Raeann Hill's fifth grade class is like most others, but while the school is not classified as high risk, under the No Child Left Behind Act, there are still students who get left behind when it comes to reading.
"We have so many kids that don't read at grade level at our school and a lack of volunteers. So, I don't have someone pulling them just to practice reading with them. So, when they're in a small group setting, they get that one-on-one attention. I have more time. I have an hour with five students, instead of 20 minutes with five students."
47-percent of the elementary students in the after school program were at reading level by the end of the four sessions that fun six weeks long... and 10-percent were actually able to test above grade level by the end of the tutoring.
A non-profit community led group that focuses on the needs in our local education is responsible for the After School Literacy Tutoring program.
Fred Boyd says they saw a need in the community and decided to help.
"There were some elementary schools that were getting federal funding for literacy programs. These were the greatest at risk schools, the highest free lunches and highest minorities.... they're getting help. So, we're not going to help them, but we'll take the next ten schools."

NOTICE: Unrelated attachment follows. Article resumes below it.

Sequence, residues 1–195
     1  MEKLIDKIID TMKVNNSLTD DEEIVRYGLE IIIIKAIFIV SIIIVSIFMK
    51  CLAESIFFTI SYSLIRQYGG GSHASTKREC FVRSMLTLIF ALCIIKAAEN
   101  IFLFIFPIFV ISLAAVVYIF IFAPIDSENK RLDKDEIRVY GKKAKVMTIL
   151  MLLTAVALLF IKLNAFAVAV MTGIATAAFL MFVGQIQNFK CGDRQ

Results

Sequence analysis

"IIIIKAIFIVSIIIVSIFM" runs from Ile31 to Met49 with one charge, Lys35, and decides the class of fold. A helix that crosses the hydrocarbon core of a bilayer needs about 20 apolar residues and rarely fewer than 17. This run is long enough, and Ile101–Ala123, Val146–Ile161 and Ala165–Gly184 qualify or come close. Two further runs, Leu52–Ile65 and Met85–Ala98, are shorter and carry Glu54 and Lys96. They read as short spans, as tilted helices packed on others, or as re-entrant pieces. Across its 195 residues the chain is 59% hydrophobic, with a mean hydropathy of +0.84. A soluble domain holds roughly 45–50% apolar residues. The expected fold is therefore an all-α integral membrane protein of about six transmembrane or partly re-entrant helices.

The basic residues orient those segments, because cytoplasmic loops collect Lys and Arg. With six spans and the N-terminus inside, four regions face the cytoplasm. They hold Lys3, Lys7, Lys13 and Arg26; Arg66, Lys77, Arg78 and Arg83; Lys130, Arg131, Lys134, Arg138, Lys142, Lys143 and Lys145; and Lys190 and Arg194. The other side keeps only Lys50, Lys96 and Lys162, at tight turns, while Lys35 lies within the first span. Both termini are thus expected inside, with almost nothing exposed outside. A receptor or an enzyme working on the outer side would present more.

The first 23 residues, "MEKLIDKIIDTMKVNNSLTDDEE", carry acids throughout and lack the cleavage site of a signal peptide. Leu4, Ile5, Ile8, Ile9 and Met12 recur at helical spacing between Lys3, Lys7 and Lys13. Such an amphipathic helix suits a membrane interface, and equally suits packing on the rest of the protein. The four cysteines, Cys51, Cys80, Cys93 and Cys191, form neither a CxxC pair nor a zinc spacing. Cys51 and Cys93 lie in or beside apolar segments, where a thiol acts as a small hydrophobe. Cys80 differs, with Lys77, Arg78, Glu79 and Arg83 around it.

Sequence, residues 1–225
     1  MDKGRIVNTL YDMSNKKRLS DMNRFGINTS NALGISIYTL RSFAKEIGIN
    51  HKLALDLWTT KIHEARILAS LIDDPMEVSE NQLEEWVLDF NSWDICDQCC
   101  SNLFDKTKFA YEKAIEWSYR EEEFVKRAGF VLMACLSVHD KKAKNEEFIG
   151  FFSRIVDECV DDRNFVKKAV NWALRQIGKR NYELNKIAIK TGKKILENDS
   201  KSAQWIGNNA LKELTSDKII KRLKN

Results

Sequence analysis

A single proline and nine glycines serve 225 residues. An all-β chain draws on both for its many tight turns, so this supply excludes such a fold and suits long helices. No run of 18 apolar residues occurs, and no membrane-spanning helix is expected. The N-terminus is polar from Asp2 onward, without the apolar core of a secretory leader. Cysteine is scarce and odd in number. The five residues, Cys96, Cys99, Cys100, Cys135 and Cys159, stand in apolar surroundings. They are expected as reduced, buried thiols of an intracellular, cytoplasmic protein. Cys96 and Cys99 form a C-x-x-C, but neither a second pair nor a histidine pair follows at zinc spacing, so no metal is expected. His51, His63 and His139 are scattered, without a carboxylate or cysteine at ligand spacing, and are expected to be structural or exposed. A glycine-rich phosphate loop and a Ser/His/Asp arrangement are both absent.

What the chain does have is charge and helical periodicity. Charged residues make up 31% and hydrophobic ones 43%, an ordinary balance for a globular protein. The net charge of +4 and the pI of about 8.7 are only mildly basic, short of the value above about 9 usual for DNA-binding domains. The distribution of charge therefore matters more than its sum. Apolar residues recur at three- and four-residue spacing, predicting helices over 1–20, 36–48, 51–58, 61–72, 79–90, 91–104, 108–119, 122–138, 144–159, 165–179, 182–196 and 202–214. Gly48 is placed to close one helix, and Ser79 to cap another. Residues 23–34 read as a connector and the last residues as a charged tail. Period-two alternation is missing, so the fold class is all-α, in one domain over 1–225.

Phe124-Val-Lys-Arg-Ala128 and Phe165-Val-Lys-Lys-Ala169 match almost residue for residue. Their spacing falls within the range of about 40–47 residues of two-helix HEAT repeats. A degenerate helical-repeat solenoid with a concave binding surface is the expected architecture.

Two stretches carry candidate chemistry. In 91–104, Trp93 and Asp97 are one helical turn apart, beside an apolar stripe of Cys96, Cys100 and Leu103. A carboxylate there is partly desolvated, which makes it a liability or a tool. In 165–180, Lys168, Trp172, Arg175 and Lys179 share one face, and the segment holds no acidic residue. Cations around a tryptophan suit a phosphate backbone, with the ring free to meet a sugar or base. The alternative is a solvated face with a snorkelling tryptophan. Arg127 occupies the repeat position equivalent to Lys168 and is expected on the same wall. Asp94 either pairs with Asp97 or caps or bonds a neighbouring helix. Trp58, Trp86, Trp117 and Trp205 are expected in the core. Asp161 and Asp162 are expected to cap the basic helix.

The foundation raised 300-thousand dollars to fund teacher's pay, supplies, and transportation for the students who need to stay the extra time after school.
"If you can get them up to their grade level by the time they reach the third grade, all the research shows their chances of staying at that level each year is much greater."
Hill agrees, saying the success affects the students in all of their classes and learning development.
"Whether they made growth or not, they had confidence in themselves as a reader. So, that is a successful program."